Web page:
Gonzalo Puch (Spain)
Location One International Committee

Gonzalo Puch

Gonzalo Puch lives in Madrid, teaches at the University in Cuenca, and is a native of Sevilla. He creates situations or “incidents”, generally in neutral environments such as classrooms, or his own apartment, which he then records photographically and presents as large, color photographic prints. Although his working methods and environment are hermetic, the work itself addresses and tries to make order of the chaos of the world. His themes are linked to various traditional academic subjects such as math, science, music, biology and environmental studies. The settings are sparse and practical, well lit and benign. Recently he has been working in the landscape more immediately addressing environmental themes. However, the events taking place are inscrutable rituals or quiet procedures which are both serious and comic. They appear to have their own logic in which we can recognize the elements, but not their organization, like words without syntax.

In Globus (also a self -portrait) Puch lies on the floor under a paper globe comprised of a collage of maps which have been recombined with no logical order, surrounded by tools and cords, and attempts to inflate it. In one of his most poetic images, a young man is seated in front of vermillion wall covered in huge cutout numbers. He diligently cuts out additions to this nonsensical equation with great seriousness of intent. For Sale, a nine foot mini eco environment constructed by Puch in his bedroom, links plants, animals and water systems in a world where all real estate is for sale.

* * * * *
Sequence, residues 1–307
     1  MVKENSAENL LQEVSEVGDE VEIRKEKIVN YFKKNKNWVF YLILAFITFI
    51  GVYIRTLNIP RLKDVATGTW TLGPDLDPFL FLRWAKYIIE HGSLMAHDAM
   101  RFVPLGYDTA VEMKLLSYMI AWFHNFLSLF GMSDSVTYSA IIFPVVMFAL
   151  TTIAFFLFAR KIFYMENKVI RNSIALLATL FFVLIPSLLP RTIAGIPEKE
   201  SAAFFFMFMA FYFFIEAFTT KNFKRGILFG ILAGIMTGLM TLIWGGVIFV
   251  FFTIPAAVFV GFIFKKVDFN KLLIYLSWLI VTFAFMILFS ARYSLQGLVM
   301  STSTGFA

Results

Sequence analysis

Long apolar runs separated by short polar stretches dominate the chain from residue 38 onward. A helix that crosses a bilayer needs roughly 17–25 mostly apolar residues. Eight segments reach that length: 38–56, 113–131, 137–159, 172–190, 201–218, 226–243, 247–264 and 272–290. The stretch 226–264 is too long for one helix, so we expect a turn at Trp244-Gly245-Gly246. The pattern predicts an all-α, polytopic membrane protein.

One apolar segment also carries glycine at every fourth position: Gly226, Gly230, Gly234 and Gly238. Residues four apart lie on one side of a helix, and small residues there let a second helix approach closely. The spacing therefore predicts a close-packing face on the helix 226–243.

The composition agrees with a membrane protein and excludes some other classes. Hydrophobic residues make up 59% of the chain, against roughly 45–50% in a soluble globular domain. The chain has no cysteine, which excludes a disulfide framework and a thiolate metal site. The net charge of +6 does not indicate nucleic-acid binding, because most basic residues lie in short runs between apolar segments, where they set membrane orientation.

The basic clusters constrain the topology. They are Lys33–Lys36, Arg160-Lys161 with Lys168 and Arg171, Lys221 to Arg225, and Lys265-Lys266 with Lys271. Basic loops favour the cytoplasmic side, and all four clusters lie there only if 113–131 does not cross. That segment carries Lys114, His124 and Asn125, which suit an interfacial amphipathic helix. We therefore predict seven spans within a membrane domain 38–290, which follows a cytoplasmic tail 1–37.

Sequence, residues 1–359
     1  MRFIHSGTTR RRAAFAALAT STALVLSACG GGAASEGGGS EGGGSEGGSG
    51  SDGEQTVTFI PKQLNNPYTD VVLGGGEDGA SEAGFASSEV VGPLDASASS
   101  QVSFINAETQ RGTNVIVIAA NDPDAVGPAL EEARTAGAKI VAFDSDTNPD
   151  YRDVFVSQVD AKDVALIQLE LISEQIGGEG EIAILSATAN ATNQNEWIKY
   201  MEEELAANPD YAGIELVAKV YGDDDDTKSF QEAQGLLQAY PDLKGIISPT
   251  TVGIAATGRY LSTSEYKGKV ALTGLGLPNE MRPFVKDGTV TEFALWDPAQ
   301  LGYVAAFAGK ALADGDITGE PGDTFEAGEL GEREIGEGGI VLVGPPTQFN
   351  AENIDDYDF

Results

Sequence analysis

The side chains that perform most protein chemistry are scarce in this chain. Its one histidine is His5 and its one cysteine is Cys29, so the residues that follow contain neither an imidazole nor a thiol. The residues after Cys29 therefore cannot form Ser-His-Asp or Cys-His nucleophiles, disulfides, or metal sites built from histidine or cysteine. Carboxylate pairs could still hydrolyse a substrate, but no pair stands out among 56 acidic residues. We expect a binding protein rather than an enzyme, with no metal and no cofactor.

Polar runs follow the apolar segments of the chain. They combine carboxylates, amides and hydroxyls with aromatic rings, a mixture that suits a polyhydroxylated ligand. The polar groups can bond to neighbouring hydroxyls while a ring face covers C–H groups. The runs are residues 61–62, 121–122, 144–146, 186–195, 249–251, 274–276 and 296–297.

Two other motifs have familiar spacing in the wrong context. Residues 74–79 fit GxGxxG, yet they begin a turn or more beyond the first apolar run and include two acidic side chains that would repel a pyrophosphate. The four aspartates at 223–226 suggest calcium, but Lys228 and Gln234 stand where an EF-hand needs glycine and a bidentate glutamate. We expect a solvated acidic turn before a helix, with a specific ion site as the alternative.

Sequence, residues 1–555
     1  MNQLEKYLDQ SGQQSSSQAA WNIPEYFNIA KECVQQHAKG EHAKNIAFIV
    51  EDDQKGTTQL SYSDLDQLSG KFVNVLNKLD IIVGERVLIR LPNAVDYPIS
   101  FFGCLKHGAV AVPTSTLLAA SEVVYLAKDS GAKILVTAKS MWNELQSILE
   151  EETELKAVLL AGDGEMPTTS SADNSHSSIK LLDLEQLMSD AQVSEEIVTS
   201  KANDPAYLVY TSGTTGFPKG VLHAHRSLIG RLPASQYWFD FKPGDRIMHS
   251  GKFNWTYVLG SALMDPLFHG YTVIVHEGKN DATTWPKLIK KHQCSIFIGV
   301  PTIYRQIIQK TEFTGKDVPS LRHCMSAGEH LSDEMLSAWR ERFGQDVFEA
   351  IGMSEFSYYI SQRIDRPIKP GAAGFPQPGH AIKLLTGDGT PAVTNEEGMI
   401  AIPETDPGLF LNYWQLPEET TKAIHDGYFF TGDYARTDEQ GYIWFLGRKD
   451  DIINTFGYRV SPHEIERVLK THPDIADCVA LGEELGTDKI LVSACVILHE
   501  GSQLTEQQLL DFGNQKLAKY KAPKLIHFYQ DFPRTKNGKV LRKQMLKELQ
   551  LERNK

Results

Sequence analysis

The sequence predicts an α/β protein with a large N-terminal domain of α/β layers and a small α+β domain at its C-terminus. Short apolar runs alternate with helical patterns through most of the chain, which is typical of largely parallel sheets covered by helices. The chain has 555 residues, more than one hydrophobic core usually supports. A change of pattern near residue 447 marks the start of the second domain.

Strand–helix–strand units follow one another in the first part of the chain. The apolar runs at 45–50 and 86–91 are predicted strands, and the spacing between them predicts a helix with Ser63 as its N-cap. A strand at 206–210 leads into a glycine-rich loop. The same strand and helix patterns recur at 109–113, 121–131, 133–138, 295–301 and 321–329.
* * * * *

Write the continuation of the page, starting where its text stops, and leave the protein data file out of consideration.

Puch has been exhibiting in Spain since 1985, and in 2004 a major retrospective was held at the Centro Andaluz de Arte Contemporaneo in Sevilla, and in 2002 at the Fundacion Antonio Perez in Cuenca. His work is included in numerous collections in Spain including the Centro Nacional Reina Sofia, and the Arco and Coca-Cola Foundations in Madrid. His first solo exhibition in the United States was held at Julie Saul Gallery in 2005 and he subsequently entered the collection of the Blanton Museum at the University of Texas in Austin.

Gonzalo Puch’s residency is supported by the Location One International Committee.